For Horror Writers, Who Have Tried to Birth the Happy Things
By Exodus Brownlow
There are many of you in my purse, and many in my waste basket, and so many of you on my floor.
In bed, I sit up sometimes staring at your crumbled bodies, sometimes reaching for one of you because, I think, I want to see you from an un-crumbled place, my children. I want to see your talons, your blood, and your teeth. And maybe you are better now. Maybe, you are the right kind of beautiful.
I tell only to myself—Just let them breathe, girl. Just let them feed from your breast a little. You have two of them, and you have not let them even nestle at your nipple once, nor have you let them sleep in the crook of your neck. Let them almost-whisper their first words before you crumble their bodies back up, at least.
I think only to myself—But I’ve seen what you could be when you grow up, and you are only tiny-terrible now, and not so beastly-bad. People might say that you are cute when I point to you in the crowd, when I proudly claim that you are mine.
I know only to myself—But, oh, if I let you live, the terror you would bring! And what would the neighbors say? And my folks? To know that I can birth such things? To know that this is the kind of mother I have set out to be?
Where is your softness, they demand? Where are the delicate curls amongst your mangy mess? Where is the god in you? All that they can see is the devil in you, and they feel that there is enough of that in the world already. They complain—your children have such foul mouths when they speak! It makes our ears bleed. It makes our mouths so salty. They cry too much, and too often, for our liking so please numb their teething a little by rubbing rum on their gums, so that we can all sleep more soundly at night. Shape your babies’ heads while they’re still soft enough to be molded, and tape a quarter to their belly buttons. Shave them bald so that their hair may grow out right next time.
Why is it that my body can’t produce the princesses? Why is it that only trolls come from out of me? I have tried, but the princesses never come out right. They are all scaly, and misshapen, and sickly-looking. They crave poison under their pillows and not peas. It is better for you to be what you are, and ugly, than to be something that was meant to be pretty, and not so at all. There is nothing more terrible than to be something that is grotesque that was meant to, and expected to, be beautiful.
If I put you in the bathtub, would you swim, my darlings, or would you eat up all the soap and drown? Would you die, and come back as bad-er ghosts to torment the ones that I love, too? If I place a pillow over you, instead of under, would your wails echo loud enough to hoist it away?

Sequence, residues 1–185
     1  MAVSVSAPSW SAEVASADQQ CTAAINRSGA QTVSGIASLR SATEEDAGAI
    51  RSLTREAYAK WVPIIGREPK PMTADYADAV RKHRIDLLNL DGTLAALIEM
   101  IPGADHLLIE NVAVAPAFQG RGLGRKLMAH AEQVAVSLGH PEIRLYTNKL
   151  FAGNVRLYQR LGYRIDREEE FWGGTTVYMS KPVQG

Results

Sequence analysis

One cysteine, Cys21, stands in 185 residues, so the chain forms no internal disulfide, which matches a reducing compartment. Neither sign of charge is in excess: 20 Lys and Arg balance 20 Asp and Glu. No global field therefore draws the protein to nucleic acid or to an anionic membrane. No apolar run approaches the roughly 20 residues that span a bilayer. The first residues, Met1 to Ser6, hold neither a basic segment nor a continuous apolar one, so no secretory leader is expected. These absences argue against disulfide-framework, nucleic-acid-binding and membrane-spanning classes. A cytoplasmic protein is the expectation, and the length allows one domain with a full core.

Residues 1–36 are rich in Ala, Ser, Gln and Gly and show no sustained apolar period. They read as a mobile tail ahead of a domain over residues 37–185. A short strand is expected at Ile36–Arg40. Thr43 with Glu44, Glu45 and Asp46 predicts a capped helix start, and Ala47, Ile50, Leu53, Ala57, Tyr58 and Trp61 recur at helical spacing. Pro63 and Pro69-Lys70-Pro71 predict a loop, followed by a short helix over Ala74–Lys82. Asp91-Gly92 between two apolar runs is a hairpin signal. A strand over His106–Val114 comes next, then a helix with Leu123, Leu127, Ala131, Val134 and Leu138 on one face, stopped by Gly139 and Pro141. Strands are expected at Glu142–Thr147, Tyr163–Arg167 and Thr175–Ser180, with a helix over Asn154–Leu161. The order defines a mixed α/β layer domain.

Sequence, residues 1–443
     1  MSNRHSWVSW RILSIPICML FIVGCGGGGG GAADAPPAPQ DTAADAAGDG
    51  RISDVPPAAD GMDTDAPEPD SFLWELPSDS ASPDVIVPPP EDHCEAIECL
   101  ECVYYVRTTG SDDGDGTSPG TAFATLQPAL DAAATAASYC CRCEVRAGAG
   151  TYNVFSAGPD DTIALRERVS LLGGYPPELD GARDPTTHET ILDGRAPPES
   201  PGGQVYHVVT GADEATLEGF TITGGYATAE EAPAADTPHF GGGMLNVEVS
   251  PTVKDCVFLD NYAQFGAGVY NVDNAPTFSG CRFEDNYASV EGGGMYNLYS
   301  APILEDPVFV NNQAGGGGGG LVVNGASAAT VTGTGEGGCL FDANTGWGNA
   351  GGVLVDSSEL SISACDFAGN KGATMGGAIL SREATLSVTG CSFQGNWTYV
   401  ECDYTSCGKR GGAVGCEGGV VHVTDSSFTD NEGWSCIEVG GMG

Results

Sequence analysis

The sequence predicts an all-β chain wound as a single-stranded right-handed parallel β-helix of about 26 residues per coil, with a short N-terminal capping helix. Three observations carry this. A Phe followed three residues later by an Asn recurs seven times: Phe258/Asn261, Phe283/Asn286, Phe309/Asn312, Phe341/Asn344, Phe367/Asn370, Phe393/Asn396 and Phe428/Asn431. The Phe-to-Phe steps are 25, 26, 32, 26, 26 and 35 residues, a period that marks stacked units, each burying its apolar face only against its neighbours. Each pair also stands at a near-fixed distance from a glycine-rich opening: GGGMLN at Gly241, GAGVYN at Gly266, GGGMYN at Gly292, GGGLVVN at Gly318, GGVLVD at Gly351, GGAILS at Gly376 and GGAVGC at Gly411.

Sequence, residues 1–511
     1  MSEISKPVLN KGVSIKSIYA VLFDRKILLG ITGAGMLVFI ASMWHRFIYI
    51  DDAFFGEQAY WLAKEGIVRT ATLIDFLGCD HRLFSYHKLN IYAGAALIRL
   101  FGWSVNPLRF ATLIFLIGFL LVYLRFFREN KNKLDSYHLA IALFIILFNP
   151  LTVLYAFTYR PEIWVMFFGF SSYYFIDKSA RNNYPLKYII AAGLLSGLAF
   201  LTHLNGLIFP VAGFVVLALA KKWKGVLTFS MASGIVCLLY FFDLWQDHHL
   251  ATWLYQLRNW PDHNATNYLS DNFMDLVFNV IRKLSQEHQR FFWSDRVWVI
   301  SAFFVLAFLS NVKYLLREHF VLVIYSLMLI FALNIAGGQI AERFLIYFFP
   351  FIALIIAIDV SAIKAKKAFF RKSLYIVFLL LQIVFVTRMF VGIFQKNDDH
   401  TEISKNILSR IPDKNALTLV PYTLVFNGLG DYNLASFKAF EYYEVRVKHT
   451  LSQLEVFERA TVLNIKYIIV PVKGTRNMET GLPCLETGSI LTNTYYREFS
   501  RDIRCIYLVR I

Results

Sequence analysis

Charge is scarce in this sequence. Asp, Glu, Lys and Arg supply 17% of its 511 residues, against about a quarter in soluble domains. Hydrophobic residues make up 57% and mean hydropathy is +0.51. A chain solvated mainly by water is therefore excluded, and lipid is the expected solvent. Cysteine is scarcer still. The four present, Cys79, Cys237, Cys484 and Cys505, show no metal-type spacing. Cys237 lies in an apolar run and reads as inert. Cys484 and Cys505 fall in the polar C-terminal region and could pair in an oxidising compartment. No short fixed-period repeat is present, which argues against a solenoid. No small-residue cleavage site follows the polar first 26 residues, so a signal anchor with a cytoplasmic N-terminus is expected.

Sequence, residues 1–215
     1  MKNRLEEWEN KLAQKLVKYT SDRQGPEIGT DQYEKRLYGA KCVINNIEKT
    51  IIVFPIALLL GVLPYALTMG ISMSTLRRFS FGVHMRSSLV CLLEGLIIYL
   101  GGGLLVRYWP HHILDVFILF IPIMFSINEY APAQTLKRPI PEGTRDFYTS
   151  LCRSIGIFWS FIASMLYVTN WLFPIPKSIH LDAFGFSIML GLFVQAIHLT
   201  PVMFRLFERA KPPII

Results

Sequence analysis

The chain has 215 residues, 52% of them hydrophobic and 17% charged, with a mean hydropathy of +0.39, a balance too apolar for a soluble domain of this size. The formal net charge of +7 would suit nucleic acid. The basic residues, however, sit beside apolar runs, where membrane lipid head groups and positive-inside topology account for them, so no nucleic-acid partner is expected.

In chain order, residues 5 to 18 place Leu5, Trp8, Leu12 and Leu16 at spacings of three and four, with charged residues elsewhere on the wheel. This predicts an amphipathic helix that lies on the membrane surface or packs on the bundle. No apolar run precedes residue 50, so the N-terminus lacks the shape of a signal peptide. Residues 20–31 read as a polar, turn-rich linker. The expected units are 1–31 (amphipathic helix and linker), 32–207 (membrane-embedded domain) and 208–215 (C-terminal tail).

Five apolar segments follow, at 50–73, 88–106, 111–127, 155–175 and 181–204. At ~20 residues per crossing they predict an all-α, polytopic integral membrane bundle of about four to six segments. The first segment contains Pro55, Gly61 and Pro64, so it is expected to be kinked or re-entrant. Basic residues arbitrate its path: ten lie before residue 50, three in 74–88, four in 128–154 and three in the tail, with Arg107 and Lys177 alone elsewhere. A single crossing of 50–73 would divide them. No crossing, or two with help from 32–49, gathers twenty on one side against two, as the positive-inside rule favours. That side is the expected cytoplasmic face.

I am asking you all the questions, as if you will have the answers, but aren’t I the older one here? And shouldn’t I already know? But I am hoping that since you have taken all of my innocence, and in being new, you can see in a new way, too. Some knowledge that is lost to me.
I have thought of all the ways to kill you, and each one only brings you back worse. I have thought of all the ways to live you, and...
For, I know how you began, and where you were meant to start, and wouldn’t they all be surprised to know that before you were the villain, you had been born good? Would they love you as much as I do, then? Would they understand that a little bit of tiny-terrible exists within us all? Would they see themselves inside of you, and in the same way that I do? Ice and fire all set against the brown in your eyes.
Oh, my monsters. Your tongues are as sharp as your teeth. I have set out to live with you, and only you, at night, in this room, and it is fine that it is only us, but could you please be a little gentler when I nurse you next time?
I want to kick your fathers in their teeth—Peele, Rice, Stevenson—for leaving me pregnant with the idea of you, to birth you on my own. My body is stretched out from the weight of carrying you, and my eyes have grown dark from the late nights of caring for you, but they say, they always say, that there will be moments that will make it all worth it, and really, you will miss them when you grow old, and forgetful, when they were this small, and precious.
When I was drunk, and overly-confident, and willing to take a risk, a few of you found your way out of the crumbled pile. Found your way into someone’s home who had mistaken you for sweet orphans for them to adopt. You had gone inside, all smiles and charm, and wiggled your way into their hearts, and wormed your way into their beds, and weaponized their love. You burned their houses down with them still inside, and they became your companions. Your forever ghost friends. It makes me happy, that you will have someone to take care of you when I cannot, who will remember what your favorite foods were, and feed them to you with their own hands.
In bed, when I am able to rest, when the lot of you have held your screams for me to tend to tomorrow, deep cuts rest on my fingers from where they have served as your pacifiers.